Age-related Vision Loss - Genes Vs Lifestyle
Nature versus nurture. When it comes to health, both exert powerful influence. To what extent does a particular disease—diabetes in children, say, or cancer in the elderly—arise from genetic baggage beyond our control, and to what degree does it result from modifiable environmental and “lifestyle” choices? While most disorders result from a combination of both genetic and environmental factors, researchers say parsing out the roles of these two players is complicated business.
But according to one new study of the common eye disease known as age-related macular degeneration (AMD), it’s possible to characterize and quantify the interplay between genes and lifestyle. By taking advantage of both Human Genome Project data and ongoing cohort studies, David Hunter, director of the Harvard School of Public Health’s Center for Cancer Prevention, and Debra Schaumberg, an associate professor at Harvard Medical School and director of Ophthalmic Epidemiology at Brigham and Women’s Hospital, in Boston, have calculated the incremental increases in people’s AMD risk, depending on whether they’re affected by one mutant gene; two mutant genes; and perhaps also obesity or smoking, two common lifestyle variables.
Their findings, published in the Archives of Ophthalmology in January, illuminate the origins of AMD. Up to 15 million Americans suffer from the disorder, a leading cause of vision loss in those over age 60, according to the National Institutes of Health. As the population ages, the incidence of AMD will no doubt increase.
“We’re accounting for both sides of the ”nature versus nurture’ dichotomy,” says Hunter, the Vincent L. Gregory Professor in Cancer Prevention in the departments of Epidemiology and Nutrition at HSPH. “But even more important, understanding how the environment might affect a person’s genetic predisposition to a disease should help us understand the disease and its mechanisms better.”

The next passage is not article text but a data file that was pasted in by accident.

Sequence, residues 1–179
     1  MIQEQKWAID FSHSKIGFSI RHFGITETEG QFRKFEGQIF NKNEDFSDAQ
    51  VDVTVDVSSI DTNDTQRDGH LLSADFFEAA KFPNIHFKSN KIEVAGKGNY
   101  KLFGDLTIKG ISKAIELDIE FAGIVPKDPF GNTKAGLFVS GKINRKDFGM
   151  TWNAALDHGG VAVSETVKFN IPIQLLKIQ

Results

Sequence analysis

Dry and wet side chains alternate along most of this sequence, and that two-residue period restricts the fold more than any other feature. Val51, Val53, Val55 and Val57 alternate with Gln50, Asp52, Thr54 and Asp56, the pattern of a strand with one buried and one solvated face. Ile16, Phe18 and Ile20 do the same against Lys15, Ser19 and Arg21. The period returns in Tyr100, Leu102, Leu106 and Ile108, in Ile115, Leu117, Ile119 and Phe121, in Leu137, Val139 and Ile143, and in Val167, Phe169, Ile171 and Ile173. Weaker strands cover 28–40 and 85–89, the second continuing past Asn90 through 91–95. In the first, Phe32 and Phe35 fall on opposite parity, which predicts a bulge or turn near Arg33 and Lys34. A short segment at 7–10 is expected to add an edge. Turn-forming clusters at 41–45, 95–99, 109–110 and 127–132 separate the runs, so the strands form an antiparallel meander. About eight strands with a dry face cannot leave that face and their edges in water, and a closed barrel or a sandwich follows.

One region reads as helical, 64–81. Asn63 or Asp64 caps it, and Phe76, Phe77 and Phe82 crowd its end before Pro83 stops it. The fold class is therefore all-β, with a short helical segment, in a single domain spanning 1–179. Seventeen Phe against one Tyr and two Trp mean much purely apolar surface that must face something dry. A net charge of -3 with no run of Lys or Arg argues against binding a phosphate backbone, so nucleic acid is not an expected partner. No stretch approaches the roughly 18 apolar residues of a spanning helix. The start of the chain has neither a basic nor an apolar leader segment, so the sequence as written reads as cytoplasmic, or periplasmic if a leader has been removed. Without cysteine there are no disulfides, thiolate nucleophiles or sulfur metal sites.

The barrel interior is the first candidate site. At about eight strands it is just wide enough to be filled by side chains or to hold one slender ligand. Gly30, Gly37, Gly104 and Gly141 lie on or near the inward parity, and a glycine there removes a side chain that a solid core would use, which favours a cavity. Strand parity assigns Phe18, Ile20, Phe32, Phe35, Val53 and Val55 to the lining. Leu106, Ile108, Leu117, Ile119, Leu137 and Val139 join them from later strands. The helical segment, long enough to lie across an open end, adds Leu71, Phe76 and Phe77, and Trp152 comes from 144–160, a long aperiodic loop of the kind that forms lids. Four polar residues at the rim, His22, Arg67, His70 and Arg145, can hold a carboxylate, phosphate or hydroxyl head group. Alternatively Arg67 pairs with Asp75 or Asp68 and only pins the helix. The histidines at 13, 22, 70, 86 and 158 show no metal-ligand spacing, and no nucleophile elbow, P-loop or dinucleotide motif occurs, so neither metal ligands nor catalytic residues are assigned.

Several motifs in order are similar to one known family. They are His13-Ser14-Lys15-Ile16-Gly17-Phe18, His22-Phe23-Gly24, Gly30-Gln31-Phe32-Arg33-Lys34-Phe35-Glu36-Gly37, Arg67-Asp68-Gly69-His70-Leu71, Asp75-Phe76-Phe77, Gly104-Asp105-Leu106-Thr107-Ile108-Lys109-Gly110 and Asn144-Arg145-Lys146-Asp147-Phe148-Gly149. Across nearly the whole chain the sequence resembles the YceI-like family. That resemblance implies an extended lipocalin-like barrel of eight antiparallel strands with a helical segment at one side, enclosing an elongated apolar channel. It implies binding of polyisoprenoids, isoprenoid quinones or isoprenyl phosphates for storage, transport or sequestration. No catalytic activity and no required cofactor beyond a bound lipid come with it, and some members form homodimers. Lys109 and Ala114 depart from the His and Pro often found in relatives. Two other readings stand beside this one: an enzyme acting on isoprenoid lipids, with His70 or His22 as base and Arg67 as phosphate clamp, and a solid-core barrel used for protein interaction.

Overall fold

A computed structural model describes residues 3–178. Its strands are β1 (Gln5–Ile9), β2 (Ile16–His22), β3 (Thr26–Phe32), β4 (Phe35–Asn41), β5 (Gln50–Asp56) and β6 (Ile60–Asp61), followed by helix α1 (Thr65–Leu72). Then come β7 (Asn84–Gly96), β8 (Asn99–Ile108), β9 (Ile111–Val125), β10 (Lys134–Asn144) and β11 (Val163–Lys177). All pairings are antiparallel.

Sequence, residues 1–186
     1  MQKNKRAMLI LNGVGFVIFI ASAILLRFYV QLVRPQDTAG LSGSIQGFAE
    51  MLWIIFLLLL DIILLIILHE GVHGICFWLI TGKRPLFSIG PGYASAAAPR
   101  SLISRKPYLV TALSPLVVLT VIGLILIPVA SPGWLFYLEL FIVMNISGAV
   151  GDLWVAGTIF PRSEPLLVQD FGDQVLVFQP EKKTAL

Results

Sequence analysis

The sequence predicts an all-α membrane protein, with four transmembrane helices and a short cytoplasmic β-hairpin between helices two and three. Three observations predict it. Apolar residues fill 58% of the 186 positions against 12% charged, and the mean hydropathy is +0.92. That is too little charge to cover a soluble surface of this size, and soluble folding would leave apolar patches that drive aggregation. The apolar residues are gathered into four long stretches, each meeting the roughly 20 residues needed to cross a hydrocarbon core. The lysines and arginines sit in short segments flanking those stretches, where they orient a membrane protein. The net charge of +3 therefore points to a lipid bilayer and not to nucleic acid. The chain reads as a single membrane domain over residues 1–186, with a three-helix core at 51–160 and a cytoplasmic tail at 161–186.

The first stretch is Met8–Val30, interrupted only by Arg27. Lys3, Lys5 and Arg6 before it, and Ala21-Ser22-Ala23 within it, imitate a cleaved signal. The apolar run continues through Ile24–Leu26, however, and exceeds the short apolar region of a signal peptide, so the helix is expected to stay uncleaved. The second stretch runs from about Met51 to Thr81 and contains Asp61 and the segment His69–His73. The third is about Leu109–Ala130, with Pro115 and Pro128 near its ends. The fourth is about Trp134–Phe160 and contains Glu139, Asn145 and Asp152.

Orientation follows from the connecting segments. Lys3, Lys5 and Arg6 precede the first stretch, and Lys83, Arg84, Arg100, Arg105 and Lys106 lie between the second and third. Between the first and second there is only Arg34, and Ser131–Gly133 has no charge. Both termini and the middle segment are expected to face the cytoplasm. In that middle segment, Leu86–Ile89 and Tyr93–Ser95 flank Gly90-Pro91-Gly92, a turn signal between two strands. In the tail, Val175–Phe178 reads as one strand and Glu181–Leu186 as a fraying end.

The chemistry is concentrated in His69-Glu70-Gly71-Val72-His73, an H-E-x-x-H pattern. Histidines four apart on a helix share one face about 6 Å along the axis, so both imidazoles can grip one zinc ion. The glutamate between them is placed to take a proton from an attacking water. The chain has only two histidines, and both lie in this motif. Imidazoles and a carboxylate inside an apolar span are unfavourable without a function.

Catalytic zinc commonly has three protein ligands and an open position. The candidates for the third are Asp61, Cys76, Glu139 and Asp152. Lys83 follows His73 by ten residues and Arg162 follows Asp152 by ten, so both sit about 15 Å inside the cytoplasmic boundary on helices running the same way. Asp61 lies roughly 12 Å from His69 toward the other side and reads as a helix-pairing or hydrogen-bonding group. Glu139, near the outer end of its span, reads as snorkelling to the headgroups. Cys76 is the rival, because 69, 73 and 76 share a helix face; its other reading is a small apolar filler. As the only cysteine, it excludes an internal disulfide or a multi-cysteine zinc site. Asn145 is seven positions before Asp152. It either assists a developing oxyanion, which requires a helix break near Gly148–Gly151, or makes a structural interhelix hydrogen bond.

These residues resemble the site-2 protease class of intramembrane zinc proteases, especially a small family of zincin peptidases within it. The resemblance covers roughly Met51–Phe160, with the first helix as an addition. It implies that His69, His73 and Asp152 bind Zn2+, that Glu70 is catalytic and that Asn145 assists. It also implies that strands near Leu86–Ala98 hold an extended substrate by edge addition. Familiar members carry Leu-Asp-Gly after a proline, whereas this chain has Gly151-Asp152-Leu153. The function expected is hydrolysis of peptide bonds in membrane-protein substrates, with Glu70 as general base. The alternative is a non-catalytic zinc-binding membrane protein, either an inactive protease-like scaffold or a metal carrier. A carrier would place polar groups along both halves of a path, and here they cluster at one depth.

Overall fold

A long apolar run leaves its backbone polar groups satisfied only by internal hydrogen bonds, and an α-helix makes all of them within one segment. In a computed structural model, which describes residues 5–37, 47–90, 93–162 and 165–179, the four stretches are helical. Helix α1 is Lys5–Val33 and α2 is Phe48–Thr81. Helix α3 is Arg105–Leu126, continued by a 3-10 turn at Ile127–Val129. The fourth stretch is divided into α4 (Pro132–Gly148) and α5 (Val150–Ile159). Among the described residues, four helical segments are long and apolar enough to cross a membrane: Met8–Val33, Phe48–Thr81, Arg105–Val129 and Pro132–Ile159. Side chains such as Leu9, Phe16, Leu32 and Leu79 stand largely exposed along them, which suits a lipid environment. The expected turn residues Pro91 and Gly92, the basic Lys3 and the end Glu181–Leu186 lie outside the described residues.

The risks add up
In 2005, after mining data from the Human Genome Project, researchers traced the genetic roots of AMD to inherited mutations in two genes known as complement factor H (CFH) and LOC387715. They found that, for people who carry either of these mutations, and who either smoke or are obese, AMD risk rises significantly. For example, people with the CFH mutation have a four-times higher risk than those without it. But if those same people smoke, their risk doubles, to 8.69. If they are obese, their risk rises 12-fold.
By the same token, a mutation in the LOC387715 gene increases a person’s risk for AMD 6.33 times. But if that person smokes, that risk multiplier jumps to 22.5. Surprisingly, other lifestyle factors associated with AMD, such as regular aspirin use or consumption of fruit, fatty acids, or alcohol, had no effect. (People with mutations in both LOC387715 and CFH are a staggering 50 times more likely to develop AMD, regardless of lifestyle, but such combined mutations are extremely rare.) See graphic
To calculate these odds, the investigators took advantage of two large, ongoing epidemiological studies: the Nurses’ Health Study, which began in 1976 at Brigham and Women’s Hospital, and the Health Professionals Follow-up Study, which was launched 10 years later and is based at HSPH. In both studies, participants provide DNA samples upon entering and fill out health-status questionnaires every two years. Hunter and Schaumberg collected lifestyle and health information for 882 people who had developed AMD and compared it to data from 2,056 individuals who were generally similar but did not have AMD. Thanks to the size and quality of this unique data trove, researchers are able to estimate the relative influences of genetic and lifestyle factors with a high degree of accuracy.
According to Schaumberg, “This is one of the first and finest examples of how we’ve identified the important genetic predisposing factors for a chronic age-related disease, then begun to piece together the puzzle on how genes interact with lifestyle. This study has become the paradigm for people to start talking about the genetic epidemiology of chronic disease.”
A commentary in the Journal of the American Medical Association published in January, 2007, supports Schaumberg’s claim. According to Jonathan Haines, of Vanderbilt University Medical Center, and Margaret Pericak-Vance, at the University of Miami, Hunter and Schaumberg’s paper should serve as a model for future studies of a host of disorders, from cardiovascular disease to inflammatory bowel disease. “As medical science moves further into the genomics era and closer to the widespread use of genomic medicine in individualized health care, successes such as those for AMD will become commonplace,” the authors write.
Weighing the relative impact of how genes and environment, nature and nurture, help cause diseases is only part of the goal, Hunter points out. Ultimately, he says, “we want to discover lifestyle factors that reduce disease risk.”
David Cameron, who writes about health and science, has a special interest in the genetic roots of disease.